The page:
Grid simulator – Initially used this to power the load bank. Set up the control to provide 480 3 phase, turn it on. Turn on the load bank, it would draw power for a half second, then not. Hmm. Turns out that I needed low-side connections for each phase on the back of the simulator. Read the directions next time! After fixing this connection, the simulator has quickly and easily done everything I have asked of it.
Power analyzer – next step splice this into the power supply chain to the load bank, and learn how to use it. This is a really nice unit, lots of buttons, touch screen, storage, graphics, and the like. After pushing buttons for an hour, the unit locked up. Very pretty screen, but no response to any of my inputs, including the USB from my computer. Off to Malaysia for repair, after extreme fun getting the connectors loose, and discovering that somebody has re-purposed my box. Grr. I hope to have this back in mid-Feb.
Battery bank – This donated unit came with no instructions, so it had to be figured out. There were wires inside that powered the instruments that had been disconnected to avoid discharging the batteries. The box came to life nicely after I found and connected those wires. After locating and purchasing the correct (and expensive) DC connector I was able to connect to the NHR charger and run several charge/discharge cycles. Working well, except that it feels like the actual capacity is low as compared to the ratings. Need to examine the data carefully.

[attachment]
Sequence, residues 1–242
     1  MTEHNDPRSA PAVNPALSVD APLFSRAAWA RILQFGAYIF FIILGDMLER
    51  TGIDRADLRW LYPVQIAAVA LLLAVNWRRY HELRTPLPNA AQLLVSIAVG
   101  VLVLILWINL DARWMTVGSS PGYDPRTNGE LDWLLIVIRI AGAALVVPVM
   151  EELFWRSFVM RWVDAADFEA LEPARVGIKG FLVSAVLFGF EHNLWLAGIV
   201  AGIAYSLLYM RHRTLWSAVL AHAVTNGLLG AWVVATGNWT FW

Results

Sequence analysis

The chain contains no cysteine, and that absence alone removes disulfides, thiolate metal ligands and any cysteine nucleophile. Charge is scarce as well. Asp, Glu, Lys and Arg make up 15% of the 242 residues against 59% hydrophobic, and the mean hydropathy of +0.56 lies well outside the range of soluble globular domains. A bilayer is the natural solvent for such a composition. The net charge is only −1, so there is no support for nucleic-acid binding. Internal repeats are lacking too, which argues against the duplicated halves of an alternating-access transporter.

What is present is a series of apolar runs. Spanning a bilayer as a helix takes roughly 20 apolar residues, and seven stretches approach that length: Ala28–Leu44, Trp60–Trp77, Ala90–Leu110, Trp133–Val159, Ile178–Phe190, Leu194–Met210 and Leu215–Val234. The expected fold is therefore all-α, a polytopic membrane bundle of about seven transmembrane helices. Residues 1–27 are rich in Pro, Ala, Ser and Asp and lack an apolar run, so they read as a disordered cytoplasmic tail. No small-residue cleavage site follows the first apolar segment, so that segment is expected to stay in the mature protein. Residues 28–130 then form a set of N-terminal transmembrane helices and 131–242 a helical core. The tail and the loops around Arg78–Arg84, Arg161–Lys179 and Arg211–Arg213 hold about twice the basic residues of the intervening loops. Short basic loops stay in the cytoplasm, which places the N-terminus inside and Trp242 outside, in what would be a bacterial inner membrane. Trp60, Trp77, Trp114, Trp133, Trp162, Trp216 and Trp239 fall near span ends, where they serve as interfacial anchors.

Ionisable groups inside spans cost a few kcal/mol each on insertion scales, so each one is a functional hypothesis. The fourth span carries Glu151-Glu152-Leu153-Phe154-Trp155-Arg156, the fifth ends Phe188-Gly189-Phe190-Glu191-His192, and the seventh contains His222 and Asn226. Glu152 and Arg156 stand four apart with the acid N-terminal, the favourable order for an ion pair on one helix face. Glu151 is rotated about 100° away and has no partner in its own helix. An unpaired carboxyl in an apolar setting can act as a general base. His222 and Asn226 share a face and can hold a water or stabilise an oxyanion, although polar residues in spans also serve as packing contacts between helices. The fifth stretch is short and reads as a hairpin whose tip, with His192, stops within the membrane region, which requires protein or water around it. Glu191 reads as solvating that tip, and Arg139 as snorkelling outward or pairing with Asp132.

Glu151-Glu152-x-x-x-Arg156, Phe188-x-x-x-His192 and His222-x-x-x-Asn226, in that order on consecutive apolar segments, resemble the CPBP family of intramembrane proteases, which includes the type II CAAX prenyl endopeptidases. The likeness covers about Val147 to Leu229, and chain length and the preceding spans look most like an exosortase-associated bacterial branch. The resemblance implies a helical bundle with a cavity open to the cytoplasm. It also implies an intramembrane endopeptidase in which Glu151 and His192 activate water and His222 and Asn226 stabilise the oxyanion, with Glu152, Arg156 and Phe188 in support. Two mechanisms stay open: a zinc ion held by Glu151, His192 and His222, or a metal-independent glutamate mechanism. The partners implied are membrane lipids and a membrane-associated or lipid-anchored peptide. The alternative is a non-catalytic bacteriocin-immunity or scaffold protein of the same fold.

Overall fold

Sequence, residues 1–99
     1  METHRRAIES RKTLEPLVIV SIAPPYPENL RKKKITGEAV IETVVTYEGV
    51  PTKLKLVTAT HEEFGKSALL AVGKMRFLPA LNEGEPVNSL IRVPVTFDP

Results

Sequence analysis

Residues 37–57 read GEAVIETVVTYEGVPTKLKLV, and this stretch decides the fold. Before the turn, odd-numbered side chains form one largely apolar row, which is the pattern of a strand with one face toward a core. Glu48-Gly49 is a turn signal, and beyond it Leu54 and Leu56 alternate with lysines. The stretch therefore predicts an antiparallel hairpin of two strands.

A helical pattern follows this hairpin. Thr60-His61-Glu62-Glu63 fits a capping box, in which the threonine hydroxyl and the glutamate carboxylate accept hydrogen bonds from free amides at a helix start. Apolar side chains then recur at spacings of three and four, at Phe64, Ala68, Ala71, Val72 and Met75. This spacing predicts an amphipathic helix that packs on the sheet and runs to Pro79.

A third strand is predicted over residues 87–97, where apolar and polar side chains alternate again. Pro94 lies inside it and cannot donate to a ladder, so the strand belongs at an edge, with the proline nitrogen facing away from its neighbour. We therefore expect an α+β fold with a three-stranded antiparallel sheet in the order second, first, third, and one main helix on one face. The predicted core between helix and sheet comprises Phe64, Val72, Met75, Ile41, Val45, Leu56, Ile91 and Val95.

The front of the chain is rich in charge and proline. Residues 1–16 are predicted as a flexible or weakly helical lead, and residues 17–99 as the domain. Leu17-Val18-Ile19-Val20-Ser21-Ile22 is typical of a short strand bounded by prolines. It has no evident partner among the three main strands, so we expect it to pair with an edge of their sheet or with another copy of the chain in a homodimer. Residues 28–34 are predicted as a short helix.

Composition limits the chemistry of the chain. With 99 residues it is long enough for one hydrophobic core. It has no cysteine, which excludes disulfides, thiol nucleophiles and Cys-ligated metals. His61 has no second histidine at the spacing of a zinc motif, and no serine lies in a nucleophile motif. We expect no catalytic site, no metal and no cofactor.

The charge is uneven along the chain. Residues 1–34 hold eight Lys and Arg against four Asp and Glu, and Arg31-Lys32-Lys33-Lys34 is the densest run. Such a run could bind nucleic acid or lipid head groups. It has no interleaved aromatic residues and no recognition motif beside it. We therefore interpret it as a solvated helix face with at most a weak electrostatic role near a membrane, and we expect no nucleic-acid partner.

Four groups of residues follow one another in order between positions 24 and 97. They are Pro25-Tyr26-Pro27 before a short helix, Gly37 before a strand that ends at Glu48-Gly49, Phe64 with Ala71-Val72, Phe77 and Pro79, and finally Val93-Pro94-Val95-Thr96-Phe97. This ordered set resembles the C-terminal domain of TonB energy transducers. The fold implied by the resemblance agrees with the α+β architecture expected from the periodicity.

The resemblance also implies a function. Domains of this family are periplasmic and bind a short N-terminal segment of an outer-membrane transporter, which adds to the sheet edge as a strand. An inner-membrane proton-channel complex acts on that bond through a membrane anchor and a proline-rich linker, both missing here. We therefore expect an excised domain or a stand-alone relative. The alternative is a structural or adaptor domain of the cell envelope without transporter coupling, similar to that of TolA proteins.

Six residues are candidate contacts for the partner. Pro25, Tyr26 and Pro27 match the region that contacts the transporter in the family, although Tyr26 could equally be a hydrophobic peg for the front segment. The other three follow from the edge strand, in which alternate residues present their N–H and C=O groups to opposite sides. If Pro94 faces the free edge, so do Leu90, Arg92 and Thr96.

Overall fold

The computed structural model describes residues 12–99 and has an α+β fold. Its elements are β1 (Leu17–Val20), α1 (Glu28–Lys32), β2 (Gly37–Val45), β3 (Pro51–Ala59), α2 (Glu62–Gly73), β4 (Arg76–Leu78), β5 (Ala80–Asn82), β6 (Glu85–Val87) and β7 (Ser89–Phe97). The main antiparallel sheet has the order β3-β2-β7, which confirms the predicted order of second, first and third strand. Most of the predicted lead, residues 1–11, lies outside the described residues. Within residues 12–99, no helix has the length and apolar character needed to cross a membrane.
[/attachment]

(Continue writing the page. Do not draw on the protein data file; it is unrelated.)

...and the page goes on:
Connecting battery bank to inverter – First connection, turn on the bank (inverter is still off) pow blow the 30A fuses on the battery bank. The inverter has internal capacitors that charge when the battery is connected. Princeton warns you that you might need to implement a soft-start circuit. Not wanting to mess with this, I tried 50A slow-blow fuses, which is still within the capability of the components and cabling. Problem solved.
Inverter startup – This is the interesting part. Needed to fix the phase rotation on the grid connection. Tens of parameters to set up using a clunky screen with a dial and click input. After some doing, I got the web interface to my laptop up and running, which makes setup MUCH easier. Managed to get the inverter in run mode. Interface to load bank works correctly. But not drawing power to/from the battery bank as expected. Why? There is considerable discussion in the manual about needing an isolation transformer if your DC device is tied to ground in any way. Mine is not, so no transformer required. The manual does not mention that if no transformer is used, you need to add power jumpers inside the cabinet. After tracing wires in the cabinet trying to figure out why there is seemingly no connection between AC and DC, I stumble upon a small sticker that mentions jumpers needed if no transformer. They might have mentioned that in the manual! Jumpers installed. Now the inverter trips out claiming low battery voltage whenever I try to go to run mode. Fault buffers show ridiculously low battery voltage – in the 200s. Princeton believes that this is startup transient problem created by the battery bank being too small. They have a software/hardware fix but it’s expensive. Trying now to figure out how to dodge this problem without a big spend.
Stay tuned ….